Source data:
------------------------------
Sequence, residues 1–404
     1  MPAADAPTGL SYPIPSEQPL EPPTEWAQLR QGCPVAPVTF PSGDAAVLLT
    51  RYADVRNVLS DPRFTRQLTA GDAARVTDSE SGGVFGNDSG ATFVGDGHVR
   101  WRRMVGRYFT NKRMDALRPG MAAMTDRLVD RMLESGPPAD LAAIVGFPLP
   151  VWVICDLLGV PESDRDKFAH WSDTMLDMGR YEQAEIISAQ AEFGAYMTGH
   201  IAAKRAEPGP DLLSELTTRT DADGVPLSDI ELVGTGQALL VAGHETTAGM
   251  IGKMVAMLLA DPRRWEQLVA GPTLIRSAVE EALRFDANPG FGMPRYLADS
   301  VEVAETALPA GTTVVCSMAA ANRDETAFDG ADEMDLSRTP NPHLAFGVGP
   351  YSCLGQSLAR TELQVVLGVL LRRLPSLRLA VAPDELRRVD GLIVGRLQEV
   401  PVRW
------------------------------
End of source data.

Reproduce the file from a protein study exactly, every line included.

Sequence, residues 1–404
     1  MPAADAPTGL SYPIPSEQPL EPPTEWAQLR QGCPVAPVTF PSGDAAVLLT
    51  RYADVRNVLS DPRFTRQLTA GDAARVTDSE SGGVFGNDSG ATFVGDGHVR
   101  WRRMVGRYFT NKRMDALRPG MAAMTDRLVD RMLESGPPAD LAAIVGFPLP
   151  VWVICDLLGV PESDRDKFAH WSDTMLDMGR YEQAEIISAQ AEFGAYMTGH
   201  IAAKRAEPGP DLLSELTTRT DADGVPLSDI ELVGTGQALL VAGHETTAGM
   251  IGKMVAMLLA DPRRWEQLVA GPTLIRSAVE EALRFDANPG FGMPRYLADS
   301  VEVAETALPA GTTVVCSMAA ANRDETAFDG ADEMDLSRTP NPHLAFGVGP
   351  YSCLGQSLAR TELQVVLGVL LRRLPSLRLA VAPDELRRVD GLIVGRLQEV
   401  PVRW